[SydPhil] Fwd: FW: Invitation to 'Philosophy in the Age of Democracy' at the University of Sydney, 25 March 2014

Dalia Nassar dalia.nassar at gmail.com
Sun Feb 16 12:46:56 AEDT 2014

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FORUM       [image: The University of Sydney]                 PHILOSOPHY IN

*Co-presented with the Department of Philosophy
<http://sydney.edu.au/arts/philosophy/about/index.shtml>, School of
Philosophical and Historical Inquiry *Plato notoriously condemned the
democratic way of life as the second-to-worst form of life, and he equally
notoriously recommends rule by philosophers as the only available cure.
This suggests a traditional hostility between philosophy and democracy,
with philosophers casting themselves as the would-be overlords of politics
and culture. Suspicions of this hostility were re-activated after the
Second World War by concerns about barbaric political movements supposedly
inspired by philosophical outlooks, and in a diminished form, similar
suspicions towards philosophy as of interest only to non-representative
"elites" sometimes reemerge in discussions of government funding of the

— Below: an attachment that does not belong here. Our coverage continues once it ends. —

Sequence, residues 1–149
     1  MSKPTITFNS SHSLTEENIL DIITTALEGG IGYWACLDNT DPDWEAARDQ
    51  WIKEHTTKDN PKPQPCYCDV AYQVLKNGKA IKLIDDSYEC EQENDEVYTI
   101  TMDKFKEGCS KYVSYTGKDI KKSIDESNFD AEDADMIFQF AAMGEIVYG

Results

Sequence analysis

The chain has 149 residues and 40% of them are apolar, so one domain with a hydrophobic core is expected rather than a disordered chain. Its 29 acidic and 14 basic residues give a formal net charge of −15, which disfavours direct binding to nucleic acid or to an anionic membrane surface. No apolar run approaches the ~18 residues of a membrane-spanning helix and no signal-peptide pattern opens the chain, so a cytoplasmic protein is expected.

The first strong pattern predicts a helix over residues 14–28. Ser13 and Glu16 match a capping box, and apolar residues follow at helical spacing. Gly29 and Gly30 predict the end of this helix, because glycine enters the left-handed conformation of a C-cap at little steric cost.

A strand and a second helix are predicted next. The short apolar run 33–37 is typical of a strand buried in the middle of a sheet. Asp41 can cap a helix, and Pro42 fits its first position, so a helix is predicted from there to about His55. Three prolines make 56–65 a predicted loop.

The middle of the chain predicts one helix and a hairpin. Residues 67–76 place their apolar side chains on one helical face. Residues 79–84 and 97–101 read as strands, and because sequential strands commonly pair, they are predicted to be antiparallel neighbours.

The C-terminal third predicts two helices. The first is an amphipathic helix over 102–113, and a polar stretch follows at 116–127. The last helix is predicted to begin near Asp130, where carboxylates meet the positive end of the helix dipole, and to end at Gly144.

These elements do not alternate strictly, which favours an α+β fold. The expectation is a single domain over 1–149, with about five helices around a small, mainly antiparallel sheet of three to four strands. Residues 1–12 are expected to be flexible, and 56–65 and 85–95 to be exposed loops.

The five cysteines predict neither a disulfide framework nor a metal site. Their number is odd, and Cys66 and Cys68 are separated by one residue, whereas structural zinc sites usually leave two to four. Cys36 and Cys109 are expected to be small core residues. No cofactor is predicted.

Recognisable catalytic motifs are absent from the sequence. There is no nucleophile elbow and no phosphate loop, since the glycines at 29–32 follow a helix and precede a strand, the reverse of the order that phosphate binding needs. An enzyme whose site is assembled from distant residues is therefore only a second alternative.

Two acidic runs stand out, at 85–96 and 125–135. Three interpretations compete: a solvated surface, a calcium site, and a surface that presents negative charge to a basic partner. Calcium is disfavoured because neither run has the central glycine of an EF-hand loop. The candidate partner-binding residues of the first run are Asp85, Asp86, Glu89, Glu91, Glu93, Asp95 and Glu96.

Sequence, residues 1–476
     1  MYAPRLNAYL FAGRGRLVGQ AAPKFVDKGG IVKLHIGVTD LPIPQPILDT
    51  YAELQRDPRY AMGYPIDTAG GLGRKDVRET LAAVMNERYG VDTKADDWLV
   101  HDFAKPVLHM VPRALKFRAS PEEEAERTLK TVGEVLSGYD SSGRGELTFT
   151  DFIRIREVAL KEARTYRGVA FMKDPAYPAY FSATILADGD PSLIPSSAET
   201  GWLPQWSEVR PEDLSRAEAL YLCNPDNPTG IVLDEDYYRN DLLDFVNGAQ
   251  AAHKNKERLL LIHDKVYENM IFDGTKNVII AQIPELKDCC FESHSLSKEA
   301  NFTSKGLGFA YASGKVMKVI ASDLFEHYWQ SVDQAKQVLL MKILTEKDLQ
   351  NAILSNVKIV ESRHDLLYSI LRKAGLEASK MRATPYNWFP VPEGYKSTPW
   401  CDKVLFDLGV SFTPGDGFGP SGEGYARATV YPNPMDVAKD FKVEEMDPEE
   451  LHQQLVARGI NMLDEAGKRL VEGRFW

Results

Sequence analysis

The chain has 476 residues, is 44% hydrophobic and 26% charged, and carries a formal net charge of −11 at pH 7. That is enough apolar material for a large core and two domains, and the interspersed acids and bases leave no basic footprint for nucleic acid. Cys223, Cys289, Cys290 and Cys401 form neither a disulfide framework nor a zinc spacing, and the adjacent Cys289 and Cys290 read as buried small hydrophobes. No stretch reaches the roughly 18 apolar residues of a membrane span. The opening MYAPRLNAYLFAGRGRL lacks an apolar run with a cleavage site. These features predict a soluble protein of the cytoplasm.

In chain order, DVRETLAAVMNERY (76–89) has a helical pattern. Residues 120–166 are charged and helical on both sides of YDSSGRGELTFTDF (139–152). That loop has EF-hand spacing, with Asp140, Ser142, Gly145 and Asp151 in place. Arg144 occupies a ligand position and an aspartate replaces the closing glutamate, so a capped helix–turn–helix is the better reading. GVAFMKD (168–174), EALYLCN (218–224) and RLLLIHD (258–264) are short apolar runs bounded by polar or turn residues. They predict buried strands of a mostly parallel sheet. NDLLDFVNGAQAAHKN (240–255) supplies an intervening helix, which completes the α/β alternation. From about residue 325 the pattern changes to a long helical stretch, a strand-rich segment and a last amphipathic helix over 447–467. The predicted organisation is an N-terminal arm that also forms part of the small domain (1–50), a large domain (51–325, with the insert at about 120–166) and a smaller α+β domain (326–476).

For good reasons, we have trouble accepting both Plato's cure and his image
of philosophy. Yet his indictment of democratic life and culture is as
pertinent as ever. How then, if it at all, might a refigured practice of
philosophy play a central, vital role within a flourishing democratic
culture? How does healthy democracy both depend on and inform philosophical
education? Furthermore, how might philosophical research into apparently
non-practical matters be of general relevance to the community? What
benefits might tax-payers expect to flow from public support of
philosophical research? In the light of comments made in last year's
federal election campaign about research funding for philosophy projects, a
panel of philosophers address different aspects of these pressing questions.


*Professor Paul Redding* is  ARC DORA Fellow in the department of
Philosophy at the University of Sydney. He works on the continental
idealist tradition in philosophy and its relation to contemporary movements
in philosophy.

*Professor Richard Eldridge* is the Charles and Harriett Cox McDowell
Professor of Philosophy, at Swarthmore College, USA. He specialises in
aesthetics and theory of criticism, philosophy of language, philosophy of
mind, philosophy and literature, German idealism and Wittgenstein.

*Dr Dalia Nassar* (participating chair) is an ARC DECRA Fellow in the
Department of  Philosophy at the University of Sydney. Her areas of
research include German romantic and idealist philosophy, history of the
idea of nature, environmental philosophy, aesthetics, and theories of

more event information<http://whatson.sydney.edu.au/events/published/sydney-ideas-philosophy-in-the-age-of-democracy-forum>

6 to 7.30pm
Law School Foyer
Level 2, Sydney Law School
Eastern Avenue
The University of Sydney
Click here for venue

Free event with online registration requested. Click
the online registration page.

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